Frantz Fanon: Europe is literally the creation of the colonized nations. Stolen resources, slave labor built their “tower of wealth”

Confronting this world, the European nations sprawl, ostentatiously opulent. This European opulence is literally scandalous, for it has been founded on slavery, it has been nourished with the blood of slaves and it comes directly from the soil and from the subsoil of that underdeveloped world. The well-being and the progress of Europe have been built up with the sweat and the dead bodies of Negroes, Arabs, Indians, and the yellow races. We have decided not to overlook this any Jonger. When a colonialist country, embarrassed by the claims for independence made by a colony, proclaims to the nationalist leaders: “If you wish for independence, take it, and go back to the Middle Ages,” the newly independent people tend to acquiesce and to accept the challenge; in fact you may see colonialism withdrawing its capital and its technicians and setting up around the young State the apparatus of economic pressure. The apotheosis of independence is transformed into the curse of independence, and the colonial power through its immense resources of coercion condemns the young nation to regression. In plain words, the colonial power says: “Since you want independence, take it and starve.” The nationalist leaders have no other choice but to turn to their people and ask from them a gigantic effort. A regime of austerity is imposed on these starving men; a disproportionate amount of work is required from their atrophied muscles. An autarkic regime is set up and each state, with the miserable resources it has in hand, tries to find an answer to the nation’s great hunger and poverty. We see the mobilization of a people which toils to exhaustion in front of a suspicious and bloated Europe.

… the imperialist states would make a great mistake and commit an unspeakable injustice if they contented themselves with withdrawing from our soil the military cohorts, and the administrative and managerial services whose function it was to discover the wealth of the country, to extract it and to send it off to the mother countries. We are not blinded by the moral reparation of national independence; nor are we fed by it. The wealth of the imperial countries is our wealth too. On the universal plane this affirmation, you may be sure, should on no account be taken to signify that we feel ourselves affected by the creations of Western arts or techniques. For in a very concrete way Europe has stuffed herself inordinately with the gold and raw materials of the colonial countries:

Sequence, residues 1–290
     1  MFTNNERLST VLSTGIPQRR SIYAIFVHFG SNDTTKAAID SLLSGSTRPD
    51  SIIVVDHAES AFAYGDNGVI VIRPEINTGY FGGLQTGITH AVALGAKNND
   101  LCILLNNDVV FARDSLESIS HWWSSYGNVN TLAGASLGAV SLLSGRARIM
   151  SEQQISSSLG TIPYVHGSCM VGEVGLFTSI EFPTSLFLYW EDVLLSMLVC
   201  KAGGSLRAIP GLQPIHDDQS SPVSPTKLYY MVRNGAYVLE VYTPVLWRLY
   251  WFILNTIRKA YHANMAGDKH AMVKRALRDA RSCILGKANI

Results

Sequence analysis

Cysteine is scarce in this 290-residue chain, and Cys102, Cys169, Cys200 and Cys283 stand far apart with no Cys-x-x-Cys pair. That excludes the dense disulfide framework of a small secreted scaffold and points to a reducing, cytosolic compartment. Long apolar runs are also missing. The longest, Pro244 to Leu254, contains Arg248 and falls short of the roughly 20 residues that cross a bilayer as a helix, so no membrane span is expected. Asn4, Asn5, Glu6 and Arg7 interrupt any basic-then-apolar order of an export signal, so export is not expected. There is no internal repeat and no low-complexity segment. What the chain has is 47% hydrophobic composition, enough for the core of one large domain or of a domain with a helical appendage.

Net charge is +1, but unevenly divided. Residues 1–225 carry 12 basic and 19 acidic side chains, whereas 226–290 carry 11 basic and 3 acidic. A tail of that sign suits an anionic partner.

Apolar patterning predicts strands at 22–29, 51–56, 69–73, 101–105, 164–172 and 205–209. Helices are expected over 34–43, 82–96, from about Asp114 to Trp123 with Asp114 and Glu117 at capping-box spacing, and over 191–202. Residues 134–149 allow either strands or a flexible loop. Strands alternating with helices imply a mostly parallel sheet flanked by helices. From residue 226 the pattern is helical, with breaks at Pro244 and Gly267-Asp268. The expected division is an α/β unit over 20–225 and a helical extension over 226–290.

Latin America, China, and Africa. From all these continents, under whose eyes Europe today raises up her tower of opulence, there has flowed out for centuries toward that same Europe diamonds and oil, silk and cotton, wood and exotic products. Europe is literally the creation of the Third World. The wealth which smothers her is that which was stolen from the underdeveloped peoples. The ports of Holland, the docks of Bordeaux and Liverpool were specialized in the Negro slave trade, and owe their renown to millions of deported slaves. So when we hear the head of a European state declare with his hand on his heart that he must come to the aid of the poor underdeveloped peoples, we do not tremble with gratitude. Quite the contrary; we say to ourselves: “It’s a just reparation which will be paid to us.”